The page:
Fishing boat questions

My son may get on a fishing boat in Alaska for the summer, he knows a guy that went last year and their boat may need another person this summer.
I have never worked on a fishing boat of any kind outside of maybe fixing a radar or similar, so this is a new area for me. Are there any questions he should be asking?

Questions would depend upon what fishery, when, where, how long, typically earnings, etc.

What gear will he need to bring?

There will be a contract that spells out crew share, transportation, and various other things.

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yep it can make a huge difference on what fishery he is entering.
Its expensive to fly to alaska, especially remote alaska on last minute fights (when there trying to go home).
What will he be paid, day rate or percentage of catch. If % of catch is his rate before or after expenses are taken. Some boats have a percentage that goes to the crew so if it was split by 2 people but now its split by 3 that could make a huge difference on each persons take home pay.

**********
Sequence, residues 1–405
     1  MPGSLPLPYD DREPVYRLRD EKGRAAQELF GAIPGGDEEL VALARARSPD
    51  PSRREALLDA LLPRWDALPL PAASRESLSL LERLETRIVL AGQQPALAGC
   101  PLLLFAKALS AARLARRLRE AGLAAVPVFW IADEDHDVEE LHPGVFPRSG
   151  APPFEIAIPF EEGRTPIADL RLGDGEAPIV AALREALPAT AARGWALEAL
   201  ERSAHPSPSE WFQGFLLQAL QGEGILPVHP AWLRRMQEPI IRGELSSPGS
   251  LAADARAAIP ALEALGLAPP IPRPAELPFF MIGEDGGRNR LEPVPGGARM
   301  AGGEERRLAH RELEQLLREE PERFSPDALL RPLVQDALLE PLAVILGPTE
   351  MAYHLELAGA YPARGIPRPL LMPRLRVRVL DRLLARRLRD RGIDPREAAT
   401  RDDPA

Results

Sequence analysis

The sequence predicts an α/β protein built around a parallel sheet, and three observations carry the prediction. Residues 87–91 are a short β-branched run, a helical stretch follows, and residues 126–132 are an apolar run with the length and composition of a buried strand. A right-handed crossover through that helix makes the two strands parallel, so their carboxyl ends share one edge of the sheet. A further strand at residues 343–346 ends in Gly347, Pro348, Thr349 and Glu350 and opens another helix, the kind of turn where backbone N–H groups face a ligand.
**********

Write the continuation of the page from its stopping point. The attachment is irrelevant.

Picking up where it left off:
Should ask if the boat is safe, if the captain is qualified, have they had alot of turnover in the past.
If salmon, how much did they catch last year, how much has he caught on good season, bad season, average season… bristol bay last year price was roughly $1/lb and 2 years ago it was $2/lb. large variation in price thats outside the control of your kiddo… good luck, feel free to DM me and we can jump on a call or something.

What I know so far is that they catch salmon and work on shares. Ages ago I knew someone else who went to Alaska fishing for salmon and they didn’t make enough to cover the boat share, so the crew share was nothing.
Where I live on the other side of the country is different, the skipjacks pay 1/3 to the crew, 1/3 to the skipper, and 1/3 to the boat so you always get something unless of course they do it old school and pay you off with the boom, in which case you had better be good at swimming a long way in cold water!
He would be replacing someone else that may not come back, so the share division would be about the same as last year. I just found out last year was not a good year for them and the crew got about $9,000 for the summer. That actually is not much considering the hours worked. I am WAY too old for that kind of thing myself!

I crewed one season on a 40’ gillnetter out of Richmond BC to the Alaska border with the captain/owner in my wild youth and that was the split. I didn’t get paid extra for the 3 or 4 weeks it took to get the boat ready and it was a lousy season moneywise but the experience was valuable.

I have a close friend who spent a few seasons on an Alaskan salmon boat some 15-20 years ago. I believe it was a longliner. He describes a loose and fast work environment with lots of drugs, grueling hours and a captain who would casually mag dump his AK for entertainment. This may or may not be the personal growth experience that your son needs, but I’d ask around about the specific boat if I were you…